Communities don’t tend to just happen. Usually they are built, whether they are physical or commuties of interest or a mixture of both. Therefore there has to be an intent and an idea on the part of the creator(s) how they will be made to happen and the form that they will take.
I am not sure that enough attention is paid to the planning and maintenance of communities and I do not think that it is a new thing. I only need to think about the large council estate which was to become notorious, as Easterhouse, which was built decades ago. As with many of these estates, at that time, the houses were built and little or no infrastructure put in at the same time. The effects on the community are well-documented.
I was thinking about this recently as I have become involved in a small community which has at its heart, permaculture principles, ie earth care, people care and fair share. I had not given much thought before about how communities come to be and yet it is very few of us who are not part of a community. Although traditionally where we lived tended to be the most obvious community we were part of, that is less true now. Karen Birch’s article this month documents those changes which have left us often unaware of who our close neighbours are.
Where I live now, I know the names of only two of my neighbours. Yet there are still issues within neighbourhoods which can bring people together; although not always in a good way nor in a particularly planned way. In the past, I had to deal with communities which were being adversely affected by anti-social behaviour of the worst kind. Local people in this situation banded together, reacting to the problems that they were jointly facing. In this way they could support each other and approach the authorities for help as a group.
On the other hand I have an example locally of proactive action by one of my neighbours. The pavements where I live have never been adopted and so have not been paved. This one resident decided that he wanted the local council to adopt them and has been very organised in arranging meetings with local councillors and speaking to everyone in the area in order to get their backing. I do not know how successful he has been so far with the other residents, in forming a ‘community of interest’ as I have not become involved; it is not enough of a priority for me, knowing how badly local councils are being hit financially.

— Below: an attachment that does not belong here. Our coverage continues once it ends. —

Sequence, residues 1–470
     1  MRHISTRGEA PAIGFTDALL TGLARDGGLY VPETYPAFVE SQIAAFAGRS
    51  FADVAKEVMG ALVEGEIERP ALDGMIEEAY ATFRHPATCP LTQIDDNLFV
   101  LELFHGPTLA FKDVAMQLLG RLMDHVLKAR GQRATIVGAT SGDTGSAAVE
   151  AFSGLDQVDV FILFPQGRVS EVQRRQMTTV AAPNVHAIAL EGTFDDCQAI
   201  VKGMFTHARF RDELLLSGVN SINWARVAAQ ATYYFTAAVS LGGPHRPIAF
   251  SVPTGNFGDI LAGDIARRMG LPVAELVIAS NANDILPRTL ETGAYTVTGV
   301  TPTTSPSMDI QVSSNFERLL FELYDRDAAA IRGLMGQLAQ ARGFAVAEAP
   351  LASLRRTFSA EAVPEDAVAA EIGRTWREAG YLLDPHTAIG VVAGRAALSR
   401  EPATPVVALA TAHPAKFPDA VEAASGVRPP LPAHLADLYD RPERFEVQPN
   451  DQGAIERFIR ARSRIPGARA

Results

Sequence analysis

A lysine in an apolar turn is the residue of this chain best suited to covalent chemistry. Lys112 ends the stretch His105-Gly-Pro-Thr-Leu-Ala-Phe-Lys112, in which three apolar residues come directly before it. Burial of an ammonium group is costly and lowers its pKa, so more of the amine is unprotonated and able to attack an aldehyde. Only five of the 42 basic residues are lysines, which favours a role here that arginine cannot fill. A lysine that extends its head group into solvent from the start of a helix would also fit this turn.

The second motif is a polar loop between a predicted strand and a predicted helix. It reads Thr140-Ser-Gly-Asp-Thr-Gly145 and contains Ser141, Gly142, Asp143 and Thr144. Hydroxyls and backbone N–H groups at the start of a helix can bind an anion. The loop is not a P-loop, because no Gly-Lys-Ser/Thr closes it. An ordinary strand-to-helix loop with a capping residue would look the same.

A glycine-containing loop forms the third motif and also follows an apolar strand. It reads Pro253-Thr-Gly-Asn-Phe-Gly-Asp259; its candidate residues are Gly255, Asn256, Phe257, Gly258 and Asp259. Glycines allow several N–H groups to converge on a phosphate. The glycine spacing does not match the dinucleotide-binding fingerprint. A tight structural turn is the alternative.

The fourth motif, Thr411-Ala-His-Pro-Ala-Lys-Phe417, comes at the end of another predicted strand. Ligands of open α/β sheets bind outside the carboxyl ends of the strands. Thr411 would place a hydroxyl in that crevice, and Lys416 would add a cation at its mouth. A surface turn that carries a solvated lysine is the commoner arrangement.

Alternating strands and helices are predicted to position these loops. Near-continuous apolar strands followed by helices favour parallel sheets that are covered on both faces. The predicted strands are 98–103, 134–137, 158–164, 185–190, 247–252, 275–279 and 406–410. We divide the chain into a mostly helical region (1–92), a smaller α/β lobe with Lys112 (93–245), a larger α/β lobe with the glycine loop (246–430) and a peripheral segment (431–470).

So what needs to happen for communities to be maintained in order to grow in a way that is healthy and sustainable? Harking back to the small community which I mentioned previously there has been an opportunity there to do just that.
The intention has been to build a framework which allows all those involved in the community, to agree how they interact with each other and how the resident community and the wider community (which is geographically spread out) work with the other. It also covers for example, how newcomers are introduced and integrated into the community. More importantly it is about increasingly reaching out to the wider community, especially the disenfranchised and engaging them in a new way of thinking and doing.
The framework has been built by Jamie Hamilton who is a Systems Analyst, but he describes the work that he does as ‘soft’ systems. He has done this in collaboration with others involved in the project. You can see more of his thinking at: http://www.arkadiansystems.com/?tag=energy-security.
Essentially what Jamie and the others are looking to achieve, is a ‘sustainable Viable Alternative to the current economic system.’
If we are to survive in a changed world, we need new frameworks, new ways of thinking about our life in the communities that we are members of and different expectations of how we operate within these communities. I commend Jamie’s model and would be interested to hear what our readers think of it.
This artice was written by Anne Casey who is a regular contributor to the3rdimagazine.